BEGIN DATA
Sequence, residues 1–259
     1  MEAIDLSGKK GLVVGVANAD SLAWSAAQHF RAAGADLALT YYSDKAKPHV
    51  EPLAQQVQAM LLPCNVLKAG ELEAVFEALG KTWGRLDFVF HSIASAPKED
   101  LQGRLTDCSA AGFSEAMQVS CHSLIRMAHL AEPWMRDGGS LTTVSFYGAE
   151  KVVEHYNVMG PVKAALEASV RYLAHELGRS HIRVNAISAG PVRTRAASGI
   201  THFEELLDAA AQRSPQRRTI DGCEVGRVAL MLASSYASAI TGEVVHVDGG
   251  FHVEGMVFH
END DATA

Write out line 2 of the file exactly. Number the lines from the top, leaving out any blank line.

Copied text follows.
     1  MEAIDLSGKK GLVVGVANAD SLAWSAAQHF RAAGADLALT YYSDKAKPHV